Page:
By Cathy Gassenheimer
It’s not often that grown-ups get to spend almost an entire month learning with and from others. But recently that’s exactly what I got to do!
In late August and September, we launched a High Poverty Schools Network in Birmingham, held the school year’s first series of Key Leaders Network meetings and Powerful Conversations Network meetings, and then concluded the month with four back-to-back regional Instructional Partners Network retreats.
It is both fun and challenging to design the professional learning for the ABPC Networks. Fortunately, our senior consultant Jackie Walsh, a truly gifted author and facilitator, did a lot of the heavy lifting!
Those of you who are involved in one or more of our Networks know that one of our driving beliefs is: The knowledge is in the room. Accordingly, each professional learning design factors in lots of discussion, reflection, and sharing among participants as we all surface the knowledge together.
The new High Poverty Schools Network
In collaboration with Dr. Boyd Rogan of UAB’s Inservice Center, and Melissa Shields, the ALSDE Regional Support Coordinator, we launched a High Poverty Schools Network for 10 schools from Birmingham City.
Relying on thought leaders like Eric Jensen, Crystal Kuykendall, Paul Bambrick-Santoyo, and Karin Chenoweth, school teams of four worked together to develop next action steps to ensure that students received the type of teaching and support needed to excel.
Key Leaders Network
This year, our six regional Key Leaders Networks (KLN) are using Jody Spiro’s High-Payoff Strategies: How Education Leaders Get Results as our guiding text. A summary of this informative book was featured in a previous ABPC blog entry.
Participants explored the three high-payoff strategies that emerged from the Wallace Foundation’s decade-plus study on leadership (Spiro is the director of education leadership for the Wallace Foundation). The strategies are:
- Creating a culture supportive of teaching and learning
- Leading instructional improvements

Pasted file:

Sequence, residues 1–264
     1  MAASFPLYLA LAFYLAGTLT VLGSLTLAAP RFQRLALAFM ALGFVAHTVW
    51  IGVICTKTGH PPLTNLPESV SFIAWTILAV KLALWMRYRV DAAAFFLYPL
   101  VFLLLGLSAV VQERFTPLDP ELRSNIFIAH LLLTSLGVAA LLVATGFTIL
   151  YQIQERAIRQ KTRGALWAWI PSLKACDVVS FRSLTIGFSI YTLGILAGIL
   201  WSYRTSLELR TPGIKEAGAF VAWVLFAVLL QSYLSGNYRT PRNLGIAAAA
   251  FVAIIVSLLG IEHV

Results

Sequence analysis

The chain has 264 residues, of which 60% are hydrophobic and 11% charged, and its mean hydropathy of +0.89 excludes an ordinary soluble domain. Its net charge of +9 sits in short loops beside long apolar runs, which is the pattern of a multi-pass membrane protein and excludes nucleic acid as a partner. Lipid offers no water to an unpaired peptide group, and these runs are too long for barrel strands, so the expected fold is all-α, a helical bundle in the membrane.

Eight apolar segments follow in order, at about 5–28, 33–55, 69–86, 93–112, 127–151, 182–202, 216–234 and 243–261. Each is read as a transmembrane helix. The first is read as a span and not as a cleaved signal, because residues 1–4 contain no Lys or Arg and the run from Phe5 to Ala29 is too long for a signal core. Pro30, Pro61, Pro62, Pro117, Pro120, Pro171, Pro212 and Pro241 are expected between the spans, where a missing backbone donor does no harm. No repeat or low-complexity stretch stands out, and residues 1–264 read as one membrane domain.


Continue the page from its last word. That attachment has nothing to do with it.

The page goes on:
- Facilitating learning communities
As Spiro notes, these strategies are—“at their heart, change strategies.” And she adds that “change is a moving target, constant and continuous” (p. 9). The KLN will investigate and act on these strategies at future meetings.
Powerful Conversations Network
In September, the five regional sessions of the Powerful Conversations Network were held across the state, from Northwest Alabama to Southwest Alabama and points in between!
We’re beginning our third year of focus on Ron Berger’s Leaders of Their Own Learning: Tranforming Schools Through Student-Engaged Assessment.
This first meeting included a look back at key components of student-engaged assessment – learning targets and checking for understanding – using a “People Graph” for participants to literally show their progress in the use of learning targets and checks for understanding.
The major focus of this meeting was on the use of exemplars, student critique, and descriptive feedback. Secondary PCN members were able to learn about using models of exemplary student work from A+ College Ready content directors Diann Frucci and Robert Summers.
Instructional Partners Network
We brought September to a close by holding four back-to-back Instructional Partners Retreats across the state. School teams made up of the principal and instructional coach (a.k.a. instructional partner), learned together at these two-day retreats.
The focus for the opening retreat of the year was four-fold: Lesson design, coaching, developing teachers (the Four Stages of Teacher Development), and effective use of data for coaching adults.
We’ll build on these four components throughout the year, and future blog posts will go in-depth into each of these topics. Our work will also tap into the learnings from August’s Mindful Facilitator’s Institute, ably reported on by IP veteran Alyson Carpenter.
During the September retreats, principals and IPs investigated three forms of lesson design: Backwards mapping, lesson study, and conceptual design (KUDs).
Instructional Partners deepened their understand of cognitive coaching and shared insights and challenges related to coaching colleagues. And every participant spent time identifying data that could be particularly useful to teacher development and expertise.
All in all, it was a great several weeks of learning, networking, and reflection. In the months to come, Jackie and I will share more specifics on some of the key learnings from these events. Stay tuned and please share your insights with us.